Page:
7. In order to judge of the validity of this objection it is necessary to set out the provisions of the Code relevant to this matter. Section 284 provides that, 'When the trial is to be held with the aid of assessors, not less than three and, if possible, four shall be chosen from the persons summoned to act as such'. The section as it originally stood required that 'two or more shall be chosen as the Judge thinks fit', so that there had to be a minimum of two assessors. In the year 1923, that provision was amended so as to make a minimum of three assessors an essential requisite for a trial to be held with the aid of assessors. A trial commenced with less than three assessors is not authorised by the provisions of this section as it now stands. Therefore, unless a case comes within the provisions of the next following section 285, a trial held in defiance of the provisions of section 284 would not be legal. Section 285, however, has no application to cases where a trial is commenced with less than three assessors. [Vide Balak Singh v. Emperor A.I.R. 1948 Pat. 420; Sipattar Singh v. King-Emperor A.I.R. 1942 All. 140. Section 285 provides :-
'(1) If in the course of a trial with the aid of assessors, at any time before the finding, any assessor is from any sufficient cause, prevented from attending throughout the trial, or absents himself, and it is not practicable to enforce his attendance, the trial shall proceed with the aid of the other assessor or assessors.
(2) If all the assessors are prevented from attending or absent themselves, the proceedings shall be stayed and a new trial shall be held with the aid of fresh assessors.'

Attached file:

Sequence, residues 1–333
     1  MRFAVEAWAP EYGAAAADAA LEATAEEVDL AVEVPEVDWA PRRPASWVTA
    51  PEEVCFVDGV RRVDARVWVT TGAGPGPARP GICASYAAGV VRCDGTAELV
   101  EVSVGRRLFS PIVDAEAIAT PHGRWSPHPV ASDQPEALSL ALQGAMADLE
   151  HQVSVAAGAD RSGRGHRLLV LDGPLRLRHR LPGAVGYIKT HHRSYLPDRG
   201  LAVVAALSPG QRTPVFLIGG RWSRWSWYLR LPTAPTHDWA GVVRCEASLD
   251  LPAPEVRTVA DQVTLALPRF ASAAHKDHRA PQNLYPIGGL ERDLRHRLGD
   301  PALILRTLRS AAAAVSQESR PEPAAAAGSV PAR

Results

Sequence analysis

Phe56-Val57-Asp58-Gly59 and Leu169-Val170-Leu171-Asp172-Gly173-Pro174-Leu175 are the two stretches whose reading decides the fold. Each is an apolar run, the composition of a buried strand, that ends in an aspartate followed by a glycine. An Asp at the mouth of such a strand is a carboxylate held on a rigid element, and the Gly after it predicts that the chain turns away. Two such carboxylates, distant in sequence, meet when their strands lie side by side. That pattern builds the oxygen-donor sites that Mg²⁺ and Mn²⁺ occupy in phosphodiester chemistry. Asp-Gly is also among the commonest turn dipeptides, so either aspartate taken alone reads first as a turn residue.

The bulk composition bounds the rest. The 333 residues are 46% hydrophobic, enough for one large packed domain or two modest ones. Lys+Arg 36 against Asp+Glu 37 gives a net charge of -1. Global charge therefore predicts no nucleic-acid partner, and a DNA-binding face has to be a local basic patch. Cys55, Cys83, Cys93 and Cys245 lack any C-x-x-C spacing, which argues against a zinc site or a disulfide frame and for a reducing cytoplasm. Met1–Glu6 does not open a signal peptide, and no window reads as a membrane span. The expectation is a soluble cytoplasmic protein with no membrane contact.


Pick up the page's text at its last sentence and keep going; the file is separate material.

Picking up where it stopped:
8. In cases contemplated by this section a trial commenced with the aid of three assessors can be continued and finished with the aid of less than three assessors. This section, however, does neither authorize the substitution of an assessor for an absent assessor, nor does it authorise an addition of an assessor to the number of assessors during the course of the trial. The effect of the provisions of sections 284 and 285 is that a trial cannot be validly commenced with less than three assessors chosen in the manner prescribed by the Code, but once validly commenced it can be continued in certain cases to a finish if some, though not all, of the persons originally appointed, attend throughout the trial. If all of them do not attend, then a fresh trial has to be held. An addition in the number of the assessors or a change or substitution in their personnel during the course of the trial is not warranted by the Code; on the other hand, it is implicitly prohibited. The procedure prescribed by section 285(1) is not of a permissive nature. It has to be followed if the conditions prescribed are fulfilled, and like section 285(2) it is of a mandatory character. No scope is left in these provisions for the exercise of the discretion of the judge for supplementing these provisions and for holding a trial in a manner different from the one prescribed and for conducting it with the aid of some assessors originally appointed, and also with the aid of some others recruited during the trial. Section 309 provides that when a trial is concluded, the court may sum up the evidence for the prosecution and defence and shall then require each of the assessors to state his opinion orally and shall record such opinions. Sub-clause (2) of this section enacts that the judge shall then give judgment, but in doing so shall not be bound to conform to the opinions of the assessors. Sections 326 and 327 enact the method and manner of summoning assessors and jurors. Section 537 provides as follows :-